The pollution-hungry soap cleaning Andean rivers

Peru (Cusco)

A new soap bar is washing pollutants and harmful bacteria off Andean rivers.


Rural communities in the Peruvian Andes rely on surface water to survive. Mountain rivers aren’t only the tranquil background noise of Andes village life but also the place where people gather to collect water, bathe, wash their clothes, and socialise.

Just like their ancestors did for centuries, local women get in the river to do the laundry and tell each other about their day. Friendships are made, problems are solved, and shirts are turned squeaky clean. Unfortunately, river waters are also contaminated in the process. But what if the soap they use could wash dirt AND pollution off?

Andean community shows AWA soap bars

According to the World Health Organization, 1 in 10 people (785 million individuals) around the world lack basic drinking water and sanitation services. 144 million of these depend on untreated surface water which they access from lakes, rivers, and streams. That’s the equivalent of the whole Russian population relying on surface sources to drink, cook, wash their clothes, and bathe themselves.

Of course, drinking the water that others have used to do their laundry isn’t ideal. Untreated water can cause recurrent gastrointestinal infections and potentially life-threatening conditions, while the chemical agents found in detergents harm the environment and the river habitats that communities depend on. But in the Andes, using the river to wash clothes and people is an ancient tradition that can’t be simply wiped out, especially without giving communities access to clean water first.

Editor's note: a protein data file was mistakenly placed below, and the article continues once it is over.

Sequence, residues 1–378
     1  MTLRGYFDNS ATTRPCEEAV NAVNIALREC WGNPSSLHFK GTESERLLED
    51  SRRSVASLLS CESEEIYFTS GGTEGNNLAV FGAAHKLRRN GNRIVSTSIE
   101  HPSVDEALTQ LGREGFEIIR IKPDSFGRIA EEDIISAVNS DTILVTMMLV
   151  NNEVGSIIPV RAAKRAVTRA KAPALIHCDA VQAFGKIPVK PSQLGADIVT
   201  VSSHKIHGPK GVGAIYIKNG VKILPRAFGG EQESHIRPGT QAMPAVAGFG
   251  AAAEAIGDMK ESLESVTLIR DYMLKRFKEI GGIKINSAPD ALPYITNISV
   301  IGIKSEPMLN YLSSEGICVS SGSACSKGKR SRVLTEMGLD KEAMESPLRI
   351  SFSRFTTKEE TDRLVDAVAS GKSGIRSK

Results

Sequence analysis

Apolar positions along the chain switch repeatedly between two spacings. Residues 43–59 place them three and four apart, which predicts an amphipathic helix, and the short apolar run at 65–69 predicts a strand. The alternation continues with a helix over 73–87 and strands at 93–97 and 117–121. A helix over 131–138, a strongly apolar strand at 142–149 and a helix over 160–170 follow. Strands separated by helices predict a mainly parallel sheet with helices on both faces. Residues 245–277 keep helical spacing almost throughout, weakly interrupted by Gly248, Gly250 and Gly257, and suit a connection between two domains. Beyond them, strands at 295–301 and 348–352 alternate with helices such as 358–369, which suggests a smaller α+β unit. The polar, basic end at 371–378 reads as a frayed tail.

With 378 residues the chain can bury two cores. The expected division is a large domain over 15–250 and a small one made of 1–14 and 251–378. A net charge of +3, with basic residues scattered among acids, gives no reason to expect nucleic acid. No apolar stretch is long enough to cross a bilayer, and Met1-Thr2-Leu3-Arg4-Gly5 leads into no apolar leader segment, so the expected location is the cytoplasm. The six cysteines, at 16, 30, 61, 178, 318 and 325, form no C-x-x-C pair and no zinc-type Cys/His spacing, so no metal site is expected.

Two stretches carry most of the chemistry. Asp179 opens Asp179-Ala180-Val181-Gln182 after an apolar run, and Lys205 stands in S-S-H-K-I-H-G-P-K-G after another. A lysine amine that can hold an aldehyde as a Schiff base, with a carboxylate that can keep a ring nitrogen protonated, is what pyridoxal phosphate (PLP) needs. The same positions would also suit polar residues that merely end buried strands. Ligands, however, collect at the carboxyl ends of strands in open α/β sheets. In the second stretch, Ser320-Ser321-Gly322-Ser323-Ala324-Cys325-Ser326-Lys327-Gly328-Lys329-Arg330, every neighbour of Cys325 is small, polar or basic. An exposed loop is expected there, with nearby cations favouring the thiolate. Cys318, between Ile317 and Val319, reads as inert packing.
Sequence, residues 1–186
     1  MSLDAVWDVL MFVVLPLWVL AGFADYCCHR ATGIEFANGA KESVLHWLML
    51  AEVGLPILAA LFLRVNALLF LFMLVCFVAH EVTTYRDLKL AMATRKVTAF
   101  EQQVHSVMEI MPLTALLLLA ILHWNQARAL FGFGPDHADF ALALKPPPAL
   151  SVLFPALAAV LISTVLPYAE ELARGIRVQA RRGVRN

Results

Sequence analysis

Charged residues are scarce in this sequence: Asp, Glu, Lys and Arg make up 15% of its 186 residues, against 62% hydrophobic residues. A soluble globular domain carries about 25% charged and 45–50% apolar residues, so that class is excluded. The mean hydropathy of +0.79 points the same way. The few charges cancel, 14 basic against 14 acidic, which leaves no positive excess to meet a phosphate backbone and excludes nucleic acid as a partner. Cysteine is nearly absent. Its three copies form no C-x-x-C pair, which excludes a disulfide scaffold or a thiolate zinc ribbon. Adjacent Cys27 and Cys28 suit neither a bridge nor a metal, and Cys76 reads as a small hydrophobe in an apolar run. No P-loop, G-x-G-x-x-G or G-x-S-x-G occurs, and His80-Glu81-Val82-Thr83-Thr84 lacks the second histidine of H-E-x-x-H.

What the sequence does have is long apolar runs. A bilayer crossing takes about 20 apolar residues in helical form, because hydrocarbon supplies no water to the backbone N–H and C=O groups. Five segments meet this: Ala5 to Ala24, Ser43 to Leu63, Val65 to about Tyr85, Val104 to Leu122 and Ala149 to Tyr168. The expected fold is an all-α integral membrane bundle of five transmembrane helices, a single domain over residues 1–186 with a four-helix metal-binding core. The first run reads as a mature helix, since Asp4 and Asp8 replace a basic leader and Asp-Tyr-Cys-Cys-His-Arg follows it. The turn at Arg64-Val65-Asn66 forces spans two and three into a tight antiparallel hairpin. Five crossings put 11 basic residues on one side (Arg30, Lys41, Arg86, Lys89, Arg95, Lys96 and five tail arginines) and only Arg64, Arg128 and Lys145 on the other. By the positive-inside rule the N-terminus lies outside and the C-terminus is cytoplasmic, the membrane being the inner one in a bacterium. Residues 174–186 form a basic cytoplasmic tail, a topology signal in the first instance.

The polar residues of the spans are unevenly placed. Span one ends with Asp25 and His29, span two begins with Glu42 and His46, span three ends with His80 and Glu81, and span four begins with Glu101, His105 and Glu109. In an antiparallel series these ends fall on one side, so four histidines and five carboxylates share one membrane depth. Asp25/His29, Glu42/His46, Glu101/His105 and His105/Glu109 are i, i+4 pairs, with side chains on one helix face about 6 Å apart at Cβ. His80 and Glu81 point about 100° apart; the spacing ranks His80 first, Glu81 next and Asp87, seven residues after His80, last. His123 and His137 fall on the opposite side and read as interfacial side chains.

That’s where the researchers behind Andea, the Peruvian mineral water brand of Cusco, Peru, and its creative agency Fahrenheit DDB had a luminous idea: getting a harmful yet already common practice to work for the environment. It took them 2 years of research and collaboration with startup Cirsys’ engineers, chemists and biologists, to create AWA, a probiotic-packed soap bar that is turning a once polluting practice into a systematic and independent decontamination network.

The microorganisms released by AWA soap bars feed on river pollutants like nitrate and ammonia, effectively washing clothes and the water at the same time. The probiotic microorganisms stick to river rocks and algae and according to Andea’s reports, they can reduce water contamination by up to 75%.

As people gather on river banks to do their laundry and socialise, they also protect their main source of water and the environment where their food lives and their children play.

In 2021, Andea started to distribute their soap-washing soap bars among the communities that clean their clothes in the rivers of the Huacahuasi region. Yet they’re on a mission to wash rivers across the planet — the AWA probiotic formula is freely available to governments, soapmakers, NGOs, and anyone who wants to incorporate it into detergents.

AtlasAction: Want to unleash the power of pollutant-eating soap in your community? Contact AWA and ask them for their formula. Discover other projects cleaning, saving, and protecting our Blue Planet.

Written by

Bianca Fiore, Editor-in-Chief, Atlas of the Future (01 September 2021)

Project leader

Andea, Fahrenheit DDB, and Cirsys

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